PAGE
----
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Like most modern kids, our children get some screen time each day to watch YouTube videos or play Minecraft or Zelda.

And like most modern parents, Kate and I want to make sure our kids don’t come across anything they shouldn’t — like porn — while they’re on their screens. There are some gnarly things on the net that you really don’t want your eight-year-old to see.

While we’ve laid down some ground rules for screen time that allow us to check in on what our kids are consuming — e.g., you can only watch screens in communal places in the home — it’s impossible to keep an eye on them all the time.

So I’ve tried various internet filters to fill that gap. And by trying various internet filters, I mean I’ve tried pretty much every iteration on the market in order to find the best one.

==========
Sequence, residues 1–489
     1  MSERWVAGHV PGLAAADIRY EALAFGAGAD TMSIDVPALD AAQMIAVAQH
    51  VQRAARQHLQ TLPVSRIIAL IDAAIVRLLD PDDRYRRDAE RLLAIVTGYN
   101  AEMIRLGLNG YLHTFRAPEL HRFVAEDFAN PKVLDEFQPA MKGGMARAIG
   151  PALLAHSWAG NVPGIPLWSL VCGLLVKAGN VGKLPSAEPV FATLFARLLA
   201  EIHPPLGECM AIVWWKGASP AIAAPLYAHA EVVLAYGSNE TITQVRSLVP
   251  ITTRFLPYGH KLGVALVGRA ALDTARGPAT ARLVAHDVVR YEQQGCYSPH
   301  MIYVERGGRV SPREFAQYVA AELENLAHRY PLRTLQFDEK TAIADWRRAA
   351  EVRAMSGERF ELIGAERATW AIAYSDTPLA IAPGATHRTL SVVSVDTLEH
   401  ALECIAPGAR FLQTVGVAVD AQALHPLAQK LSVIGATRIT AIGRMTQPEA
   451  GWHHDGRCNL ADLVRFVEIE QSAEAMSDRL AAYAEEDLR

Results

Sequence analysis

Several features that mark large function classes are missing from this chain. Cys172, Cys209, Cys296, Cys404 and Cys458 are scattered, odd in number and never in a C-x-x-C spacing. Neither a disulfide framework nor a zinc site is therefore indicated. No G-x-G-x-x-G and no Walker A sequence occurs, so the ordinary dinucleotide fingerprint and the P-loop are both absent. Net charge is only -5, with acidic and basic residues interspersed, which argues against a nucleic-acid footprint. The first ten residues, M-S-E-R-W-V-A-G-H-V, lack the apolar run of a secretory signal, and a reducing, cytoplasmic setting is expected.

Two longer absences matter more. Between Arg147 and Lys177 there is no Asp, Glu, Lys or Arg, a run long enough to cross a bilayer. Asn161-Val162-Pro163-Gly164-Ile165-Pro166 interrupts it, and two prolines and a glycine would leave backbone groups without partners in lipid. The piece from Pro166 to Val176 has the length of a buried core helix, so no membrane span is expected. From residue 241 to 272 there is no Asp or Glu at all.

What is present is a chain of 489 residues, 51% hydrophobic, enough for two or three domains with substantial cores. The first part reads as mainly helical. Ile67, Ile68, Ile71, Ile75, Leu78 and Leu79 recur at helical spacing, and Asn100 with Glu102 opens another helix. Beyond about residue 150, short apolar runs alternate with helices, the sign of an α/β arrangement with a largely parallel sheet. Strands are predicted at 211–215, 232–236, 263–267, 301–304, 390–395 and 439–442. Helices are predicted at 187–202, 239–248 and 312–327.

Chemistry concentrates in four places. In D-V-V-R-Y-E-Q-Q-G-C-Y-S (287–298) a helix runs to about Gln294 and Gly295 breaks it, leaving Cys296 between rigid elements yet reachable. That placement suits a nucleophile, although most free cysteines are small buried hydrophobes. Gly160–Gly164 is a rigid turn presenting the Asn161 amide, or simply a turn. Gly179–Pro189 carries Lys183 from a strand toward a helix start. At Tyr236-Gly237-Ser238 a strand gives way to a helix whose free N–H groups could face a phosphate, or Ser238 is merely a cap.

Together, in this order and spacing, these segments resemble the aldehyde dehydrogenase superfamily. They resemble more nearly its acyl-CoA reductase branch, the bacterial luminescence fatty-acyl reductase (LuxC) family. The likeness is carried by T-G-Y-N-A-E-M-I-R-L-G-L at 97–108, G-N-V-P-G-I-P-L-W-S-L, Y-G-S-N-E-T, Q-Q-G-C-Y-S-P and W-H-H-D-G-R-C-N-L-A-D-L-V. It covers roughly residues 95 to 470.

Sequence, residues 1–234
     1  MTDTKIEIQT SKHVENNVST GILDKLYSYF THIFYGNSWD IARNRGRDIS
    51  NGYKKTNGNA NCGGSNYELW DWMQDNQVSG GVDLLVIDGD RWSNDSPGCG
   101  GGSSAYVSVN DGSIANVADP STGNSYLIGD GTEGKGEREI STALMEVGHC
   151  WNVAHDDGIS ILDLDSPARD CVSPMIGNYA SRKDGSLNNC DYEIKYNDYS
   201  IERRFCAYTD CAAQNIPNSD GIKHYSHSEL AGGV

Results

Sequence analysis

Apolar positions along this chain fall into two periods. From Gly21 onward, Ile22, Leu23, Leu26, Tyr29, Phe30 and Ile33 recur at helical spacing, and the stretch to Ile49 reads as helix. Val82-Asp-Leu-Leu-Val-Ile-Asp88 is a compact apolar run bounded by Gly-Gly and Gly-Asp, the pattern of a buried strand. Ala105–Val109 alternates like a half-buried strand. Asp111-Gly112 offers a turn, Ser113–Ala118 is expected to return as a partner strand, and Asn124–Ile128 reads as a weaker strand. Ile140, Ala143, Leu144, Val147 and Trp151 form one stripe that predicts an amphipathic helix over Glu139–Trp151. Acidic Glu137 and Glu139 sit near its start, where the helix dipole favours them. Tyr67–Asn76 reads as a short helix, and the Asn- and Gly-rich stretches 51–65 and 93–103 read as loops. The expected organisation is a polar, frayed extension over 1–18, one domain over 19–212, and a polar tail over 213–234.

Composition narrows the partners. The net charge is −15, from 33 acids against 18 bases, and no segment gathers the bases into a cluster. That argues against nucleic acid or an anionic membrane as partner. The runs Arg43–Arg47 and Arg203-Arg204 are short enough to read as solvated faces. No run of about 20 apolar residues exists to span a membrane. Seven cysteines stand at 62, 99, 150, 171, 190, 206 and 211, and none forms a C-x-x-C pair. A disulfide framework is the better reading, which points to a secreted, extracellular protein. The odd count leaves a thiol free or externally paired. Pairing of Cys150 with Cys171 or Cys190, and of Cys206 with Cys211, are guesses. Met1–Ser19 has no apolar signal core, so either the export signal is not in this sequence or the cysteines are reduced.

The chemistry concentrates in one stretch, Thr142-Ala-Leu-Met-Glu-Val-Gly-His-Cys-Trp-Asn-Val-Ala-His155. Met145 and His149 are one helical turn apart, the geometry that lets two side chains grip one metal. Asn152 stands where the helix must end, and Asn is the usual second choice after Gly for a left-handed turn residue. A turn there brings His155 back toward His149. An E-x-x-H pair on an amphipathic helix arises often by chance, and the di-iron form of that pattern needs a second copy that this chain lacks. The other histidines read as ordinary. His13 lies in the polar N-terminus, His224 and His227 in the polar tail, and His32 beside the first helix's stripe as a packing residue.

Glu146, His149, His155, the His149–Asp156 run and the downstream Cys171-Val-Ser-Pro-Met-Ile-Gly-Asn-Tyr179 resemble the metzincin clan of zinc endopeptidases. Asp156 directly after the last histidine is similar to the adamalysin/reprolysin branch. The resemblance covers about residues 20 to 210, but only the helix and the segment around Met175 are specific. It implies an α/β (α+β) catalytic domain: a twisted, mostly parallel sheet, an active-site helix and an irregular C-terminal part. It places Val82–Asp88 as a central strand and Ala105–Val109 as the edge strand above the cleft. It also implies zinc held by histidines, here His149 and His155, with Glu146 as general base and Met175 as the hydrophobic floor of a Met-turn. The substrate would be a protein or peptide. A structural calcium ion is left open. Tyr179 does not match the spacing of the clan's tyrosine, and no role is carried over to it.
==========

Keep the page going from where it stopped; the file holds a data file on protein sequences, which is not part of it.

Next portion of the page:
What I found in all my testing is that the cost of most internet filters is about the same. Look to spend $10-$20 a month for filtering multiple devices.

The most significant difference between filters is in their ease of use. Some of them are just a massive pain in the butt to install and manage, and even when you get them installed, they don’t work correctly.

For example, I gave NetNanny a try, but man, it took me the better part of a day to install the software on my kids’ iPads. And then, after I got it installed, my kids couldn’t connect to the internet because the VPN service NetNanny uses for the filtering was wonky. So I uninstalled it.

I then tried out a service called MobiCip. I had high hopes for it. The price is one of the cheapest on the internet filtering market — $5 a month for 10 devices — and installation was much easier than with NetNanny. It was only after installation that the problems started popping up. Web browsing slowed to a crawl thanks to my kids’ internet browsing going through a VPN. Filtering was a tad too aggressive as well. A few times a week, my son would come to me with his iPad, complaining he couldn’t check ESPN for football scores because MobiCip blocked ESPN for whatever reason that day. And sometimes, browsing on any page wouldn’t work at all.